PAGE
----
The feeling of starting a fresh mix is hard to match. You’ve edited the recording session, grinded through some and arrangement issues, and debated endlessly over instrument and gear choices. Finally you have all the pieces to the recording puzzle together in the box and you’re itching to put them together in mixing. You import bounces from your recording session into a fresh session, ready for some right brain mix work when suddenly the left brain kicks in and reminds you of all the routing, send set-up, gain staging and plugin hunting you’ll have to do before getting to the good stuff.
If you have ever identified with this feeling, you’re not alone. In the past, I dealt with this exact mental struggle. I'd get myself excited for a mix, take forever setting everything up, and lose motivation when it was finally needed, often result in a long break or a complete halt on the project. The flip between creativity and task work wore my inspiration down. It prevented me from being able to enter the creative zone early. When I finally was motivated, it was never with the same passion that I had originally felt when entering the mix. Truthfully, there were times after setting up a session that I’d go days without reopening it, simply because I was never as excited to jump into the mix as I was the first time. I knew there had to be a better way, and I discovered my answer through template mixing.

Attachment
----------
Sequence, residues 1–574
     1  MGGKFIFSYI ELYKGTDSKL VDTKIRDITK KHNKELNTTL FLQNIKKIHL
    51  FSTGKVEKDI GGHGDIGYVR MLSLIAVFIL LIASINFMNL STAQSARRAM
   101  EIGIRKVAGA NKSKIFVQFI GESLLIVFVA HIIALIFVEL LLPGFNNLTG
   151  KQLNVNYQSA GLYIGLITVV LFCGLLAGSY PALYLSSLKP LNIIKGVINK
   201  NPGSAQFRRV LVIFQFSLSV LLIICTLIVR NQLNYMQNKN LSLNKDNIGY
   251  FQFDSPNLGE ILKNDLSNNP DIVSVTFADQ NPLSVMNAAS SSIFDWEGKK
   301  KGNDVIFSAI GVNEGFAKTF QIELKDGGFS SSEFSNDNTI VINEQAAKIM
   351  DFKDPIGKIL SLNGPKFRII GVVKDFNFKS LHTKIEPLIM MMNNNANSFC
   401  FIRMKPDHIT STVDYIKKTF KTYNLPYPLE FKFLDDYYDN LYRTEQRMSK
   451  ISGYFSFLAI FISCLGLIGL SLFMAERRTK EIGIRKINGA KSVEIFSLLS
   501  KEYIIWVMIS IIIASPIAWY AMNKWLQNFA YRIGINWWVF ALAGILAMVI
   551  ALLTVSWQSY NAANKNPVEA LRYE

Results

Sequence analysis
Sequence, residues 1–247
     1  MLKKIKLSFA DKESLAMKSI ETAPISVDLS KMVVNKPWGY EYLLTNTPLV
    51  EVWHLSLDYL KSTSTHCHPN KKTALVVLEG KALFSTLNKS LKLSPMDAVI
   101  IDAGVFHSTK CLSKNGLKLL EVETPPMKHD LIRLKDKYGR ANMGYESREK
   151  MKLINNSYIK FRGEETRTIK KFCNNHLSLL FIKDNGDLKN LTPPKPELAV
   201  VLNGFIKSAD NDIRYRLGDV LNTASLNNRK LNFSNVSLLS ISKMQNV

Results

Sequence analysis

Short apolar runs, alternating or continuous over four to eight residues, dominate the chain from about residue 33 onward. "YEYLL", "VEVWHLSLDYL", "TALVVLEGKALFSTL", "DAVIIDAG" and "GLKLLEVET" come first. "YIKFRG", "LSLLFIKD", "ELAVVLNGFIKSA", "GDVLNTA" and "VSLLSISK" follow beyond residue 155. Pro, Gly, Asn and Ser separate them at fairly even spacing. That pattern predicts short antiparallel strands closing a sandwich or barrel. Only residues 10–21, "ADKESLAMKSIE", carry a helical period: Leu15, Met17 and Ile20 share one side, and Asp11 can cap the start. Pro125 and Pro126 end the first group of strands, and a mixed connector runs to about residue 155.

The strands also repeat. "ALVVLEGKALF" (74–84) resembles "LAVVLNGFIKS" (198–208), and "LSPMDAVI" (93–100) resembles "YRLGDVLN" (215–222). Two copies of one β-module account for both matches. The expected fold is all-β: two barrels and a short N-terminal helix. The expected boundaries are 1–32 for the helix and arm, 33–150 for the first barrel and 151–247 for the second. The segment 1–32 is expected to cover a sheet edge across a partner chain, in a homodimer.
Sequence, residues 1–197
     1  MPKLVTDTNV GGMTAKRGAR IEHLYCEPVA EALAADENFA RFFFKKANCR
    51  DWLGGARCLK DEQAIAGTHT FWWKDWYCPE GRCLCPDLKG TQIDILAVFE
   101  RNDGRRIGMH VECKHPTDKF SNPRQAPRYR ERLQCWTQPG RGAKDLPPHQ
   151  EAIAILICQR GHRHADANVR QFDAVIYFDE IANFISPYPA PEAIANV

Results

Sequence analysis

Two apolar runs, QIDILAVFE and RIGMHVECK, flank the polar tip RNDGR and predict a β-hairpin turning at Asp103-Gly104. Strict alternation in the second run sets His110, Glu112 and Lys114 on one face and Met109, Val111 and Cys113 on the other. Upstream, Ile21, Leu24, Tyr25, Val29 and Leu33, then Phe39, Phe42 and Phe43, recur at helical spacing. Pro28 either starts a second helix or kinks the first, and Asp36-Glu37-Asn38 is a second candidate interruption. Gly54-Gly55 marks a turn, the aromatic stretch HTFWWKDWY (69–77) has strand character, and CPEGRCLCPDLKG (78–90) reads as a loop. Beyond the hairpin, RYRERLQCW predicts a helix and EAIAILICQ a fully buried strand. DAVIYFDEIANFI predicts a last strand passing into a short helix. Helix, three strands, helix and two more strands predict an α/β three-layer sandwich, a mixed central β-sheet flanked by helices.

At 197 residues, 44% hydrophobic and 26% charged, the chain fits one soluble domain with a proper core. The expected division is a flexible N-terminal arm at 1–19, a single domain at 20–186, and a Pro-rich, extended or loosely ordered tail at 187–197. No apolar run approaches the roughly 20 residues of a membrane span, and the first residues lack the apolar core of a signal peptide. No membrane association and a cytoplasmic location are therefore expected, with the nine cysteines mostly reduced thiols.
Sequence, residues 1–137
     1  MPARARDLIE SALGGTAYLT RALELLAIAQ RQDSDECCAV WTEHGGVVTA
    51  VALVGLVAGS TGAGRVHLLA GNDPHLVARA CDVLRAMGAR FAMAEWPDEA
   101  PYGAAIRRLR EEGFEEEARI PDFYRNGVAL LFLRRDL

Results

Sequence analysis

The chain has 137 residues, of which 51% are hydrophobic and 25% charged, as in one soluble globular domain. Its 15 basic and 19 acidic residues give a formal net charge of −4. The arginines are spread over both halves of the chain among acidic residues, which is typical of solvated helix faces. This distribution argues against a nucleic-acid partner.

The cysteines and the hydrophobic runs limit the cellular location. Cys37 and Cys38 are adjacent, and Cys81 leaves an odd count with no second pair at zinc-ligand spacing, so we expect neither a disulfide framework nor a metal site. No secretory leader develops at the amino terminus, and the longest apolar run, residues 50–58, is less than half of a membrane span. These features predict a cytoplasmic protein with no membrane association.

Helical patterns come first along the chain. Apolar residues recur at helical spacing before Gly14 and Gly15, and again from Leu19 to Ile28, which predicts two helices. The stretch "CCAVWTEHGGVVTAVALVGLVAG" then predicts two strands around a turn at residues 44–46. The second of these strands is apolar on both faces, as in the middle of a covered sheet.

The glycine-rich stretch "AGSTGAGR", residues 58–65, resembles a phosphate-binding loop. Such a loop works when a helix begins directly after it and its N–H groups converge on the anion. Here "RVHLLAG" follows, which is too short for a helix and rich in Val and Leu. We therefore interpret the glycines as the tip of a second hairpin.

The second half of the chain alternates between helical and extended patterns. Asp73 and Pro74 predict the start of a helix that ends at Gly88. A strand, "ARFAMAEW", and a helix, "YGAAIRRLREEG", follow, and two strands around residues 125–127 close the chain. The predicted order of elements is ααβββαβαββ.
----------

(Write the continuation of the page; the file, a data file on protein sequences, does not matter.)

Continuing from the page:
Template mixing allowed me to get down to the good stuff as soon as possible. I packed my template full of tools that I could use right away. Instantly I was translating objectives into assessments. If my mix moves didn’t help, I didn't feel at a loss for time, energy, or creativity. This allowed me to stretch beyond a “good enough mix,” to a place of experimentation and creativity. Even writing this now feels counterintuitive to say but the structure of the template allowed me to think less rigidly. I suppose in this sense, the template structure provided a space to contain the fluidity of creativity, much like a cup does to water.
If you can relate to this story in any way, I encourage you to try template mixing. The video below can give you a little more insight into what a template can include. I have also released a free course called, "The Mix Template Cheat Sheet," which aims to help you build a template through the dissection of mine. The cheat sheet is nearly 100 pages long and contains all of my routing and plugin choices, with go-to starting points for everything. Included in the free download is my actual Logic X template file with all the plugins removed, allowing you to use what plugins you have available. If you are not a Logic user, don't worry, this cheat sheet is still extremely useful for you. As long as you understand the basics of your DAW software, the cheat sheet can build a template framework of your own.